Pretrial diversion and probation are important pieces of the criminal justice process, both carry their own set of eligibility and purpose. If you have been charged with a crime and believe that a diversion program or probation may apply to your case, do not hesitate to reach out to an experienced attorney. With legal help, you may be able to avoid jail time and keep your criminal record clean.
Being aware of what diversion and probation are and how they differ can help you remain cognizant of your legal options for getting your charges reduced, dismissed, or deleted from your records. This information is especially critical for first-time offenders facing a misdemeanor or a non-violent charge.
Diversion vs. Probation: What is Pretrial Diversion in Florida?
Pretrial diversion (PTD) programs aim to rehabilitate and divert first-time offenders of non-violent crimes from the traditional criminal justice process, which tends to be more restrictive. Diversion programs give certain offenders an alternative to being convicted of a charge and facing jail time, penalties, and other consequences that a conviction brings.
Qualified defendants are transferred to PTD before their case goes to trial. If you complete all the terms and conditions of the program, the charges against you will be dropped, and you will not face any jail time and other penalties. You will also become eligible to have your arrest record sealed or expunged. On the other hand, if you fail to meet the conditions of the diversion program, your case may move forward to trial.
Who is Eligible for Pretrial Diversion in Florida?
Under Florida law, PTD is available as a prosecution alternative only for the following individuals:
- Offenders with no criminal history
- Offenders with not more than one non-violent misdemeanor — with any misdemeanor or third-degree felony
Most common offenses that get diverted to PTD programs tend to revolve around possession of marijuana, domestic violence, prostitution, and theft. Those charged with serious crimes like weapons charges, aggravated assault, robbery, unemployment fraud, or welfare fraud are not eligible for PTD, even if it’s their first offense.
To consult with an experienced criminal defense lawyer today, call 855-780-9986
Diversion vs. Probation: What is Probation?
Probation is court-ordered formal supervision geared towards those charged with misdemeanors or felonies. It allows certain convicts to avoid or serve less jail time if they follow the rules and complete the designated tasks for a specific length of time that cannot exceed the maximum sentence for the offense. Probationers must diligently comply with each term and condition to avoid jail time.
Florida Statutes § 948.03 provides the details of the conditions that constitute probation, such as:
- Report to the probation officer as directed at specified intervals
- Remain within the specified location as required by the court
- Allow the probation officer to visit you at home or elsewhere
- Not violate any law during the probationary period
- Keep working at a suitable employment
- Pay restitution to the victims for loss or damage caused by your crime
- Do not own, possess, or carry any firearm or weapon without the probation charges officer’s consent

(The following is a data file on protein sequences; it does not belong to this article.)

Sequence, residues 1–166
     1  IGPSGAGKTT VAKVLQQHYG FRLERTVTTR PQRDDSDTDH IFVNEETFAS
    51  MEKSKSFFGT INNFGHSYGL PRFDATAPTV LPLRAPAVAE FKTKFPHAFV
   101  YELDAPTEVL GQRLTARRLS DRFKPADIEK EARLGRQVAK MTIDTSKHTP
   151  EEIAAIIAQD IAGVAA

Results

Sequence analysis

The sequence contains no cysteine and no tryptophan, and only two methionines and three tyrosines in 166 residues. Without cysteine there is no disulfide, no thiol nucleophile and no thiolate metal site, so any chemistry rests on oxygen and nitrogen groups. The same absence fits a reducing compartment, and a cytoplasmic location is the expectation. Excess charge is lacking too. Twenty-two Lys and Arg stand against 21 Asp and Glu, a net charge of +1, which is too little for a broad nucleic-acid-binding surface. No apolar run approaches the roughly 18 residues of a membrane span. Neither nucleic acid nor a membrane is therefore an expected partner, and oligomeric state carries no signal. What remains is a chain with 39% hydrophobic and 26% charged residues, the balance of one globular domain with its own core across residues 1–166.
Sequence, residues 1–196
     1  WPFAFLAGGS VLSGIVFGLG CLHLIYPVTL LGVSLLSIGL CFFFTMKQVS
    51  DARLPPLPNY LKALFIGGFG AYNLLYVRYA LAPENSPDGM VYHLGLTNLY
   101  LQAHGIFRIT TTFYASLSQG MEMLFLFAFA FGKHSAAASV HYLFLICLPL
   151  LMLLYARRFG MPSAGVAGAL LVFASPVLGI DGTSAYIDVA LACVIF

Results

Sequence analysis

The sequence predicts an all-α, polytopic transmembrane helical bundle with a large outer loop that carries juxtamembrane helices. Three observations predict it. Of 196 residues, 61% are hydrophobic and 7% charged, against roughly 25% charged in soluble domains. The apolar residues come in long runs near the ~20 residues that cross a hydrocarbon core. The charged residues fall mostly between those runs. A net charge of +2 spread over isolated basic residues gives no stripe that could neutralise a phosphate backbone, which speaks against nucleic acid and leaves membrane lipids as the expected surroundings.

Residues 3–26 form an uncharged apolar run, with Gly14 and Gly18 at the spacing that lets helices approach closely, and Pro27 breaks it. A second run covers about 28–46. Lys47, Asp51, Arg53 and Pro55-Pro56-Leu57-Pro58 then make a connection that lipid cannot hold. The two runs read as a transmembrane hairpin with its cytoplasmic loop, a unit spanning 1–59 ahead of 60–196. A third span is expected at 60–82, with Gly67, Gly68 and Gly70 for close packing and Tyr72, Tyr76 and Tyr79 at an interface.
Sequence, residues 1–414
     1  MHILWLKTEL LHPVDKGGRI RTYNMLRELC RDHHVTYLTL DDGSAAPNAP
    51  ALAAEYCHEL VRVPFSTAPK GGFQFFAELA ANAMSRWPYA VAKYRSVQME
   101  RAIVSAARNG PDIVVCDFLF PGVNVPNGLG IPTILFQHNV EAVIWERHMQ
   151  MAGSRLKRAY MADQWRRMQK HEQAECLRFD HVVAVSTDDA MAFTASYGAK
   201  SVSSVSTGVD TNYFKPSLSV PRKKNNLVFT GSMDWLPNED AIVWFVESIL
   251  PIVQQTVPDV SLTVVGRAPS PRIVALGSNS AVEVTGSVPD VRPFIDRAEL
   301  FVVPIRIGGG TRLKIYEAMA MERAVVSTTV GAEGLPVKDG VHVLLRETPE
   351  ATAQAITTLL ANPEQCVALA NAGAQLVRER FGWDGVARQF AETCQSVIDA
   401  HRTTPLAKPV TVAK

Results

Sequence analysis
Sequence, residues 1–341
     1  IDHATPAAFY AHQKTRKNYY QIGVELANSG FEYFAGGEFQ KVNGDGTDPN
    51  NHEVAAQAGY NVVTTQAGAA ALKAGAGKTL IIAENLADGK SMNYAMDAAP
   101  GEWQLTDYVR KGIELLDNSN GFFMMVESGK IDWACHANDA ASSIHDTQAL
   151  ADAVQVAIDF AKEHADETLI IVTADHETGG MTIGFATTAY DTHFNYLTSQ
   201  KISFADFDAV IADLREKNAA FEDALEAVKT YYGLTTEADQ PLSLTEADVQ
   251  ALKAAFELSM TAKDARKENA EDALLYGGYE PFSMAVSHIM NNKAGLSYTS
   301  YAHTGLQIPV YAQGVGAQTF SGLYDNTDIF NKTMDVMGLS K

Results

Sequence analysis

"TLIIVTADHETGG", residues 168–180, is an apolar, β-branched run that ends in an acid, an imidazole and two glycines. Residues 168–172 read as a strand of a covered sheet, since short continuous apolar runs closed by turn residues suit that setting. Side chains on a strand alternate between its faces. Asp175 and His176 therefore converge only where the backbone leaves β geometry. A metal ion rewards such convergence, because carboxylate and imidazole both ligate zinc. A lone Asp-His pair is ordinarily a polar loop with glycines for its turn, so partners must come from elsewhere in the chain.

The court may modify these rules or impose additional conditions as well.
All probationers must pay fines, court fees, and restitution and report to their probation officer. The rules accompanying felony probation tend to be stricter than misdemeanor probation because of the serious nature of the crime. Felony probation carries higher fines, community service hours, and mandatory completion of rehabilitation programs such as anger management or substance abuse programs.
Types of Probation in Florida
In Florida, there are generally seven types of probation. Your offense will dictate which kind of probation applies to you.
- Standard probation: A basic form of probation where you must follow the conditions mentioned above and meet with your probation officer regularly.
- Administrative probation: A lenient version that includes the stipulations of standard probation, except you do not have to report to your probation officer regularly.
- Community control probation: This type of probation places you under house arrest, which means you are restricted to staying in a specific residential setting.
- Community control II probation: This is a stricter version of community control probation, where along with being confined to a residential setting, a probation officer will supervise you 24×7.
- Drug offender probation: You must take a specific treatment program such as a substance abuse program and submit to random drug tests during the probation.
- Sex offender probation: You must adhere to basic probationary rules, follow a sex offender treatment plan, and be supervised by a surveillance officer.
- Community control-sex offender probation: Along with the regulations under sex offender probation, you will also have to submit blood samples to the Florida Department of Law enforcement.
What Happens if You Violate Probation
Violating any terms of probation can have serious consequences. You may be arrested and sent back to prison. If you were under felony probation, you might have to serve the rest of your original prison sentence. You may also be cited for additional penalties, including fines and new, more restrictive terms, as well as more time may be added to your probation duration.
Contact Us Today
At Bogin, Munns & Munns, we have decades of experience and can help with your criminal case. We are here to help protect your rights and will work to reduce the consequences of a criminal conviction.
If you have any questions regarding pretrial diversion or probation or want to know if it applies to your criminal case, do not hesitate to contact a criminal defense attorney today.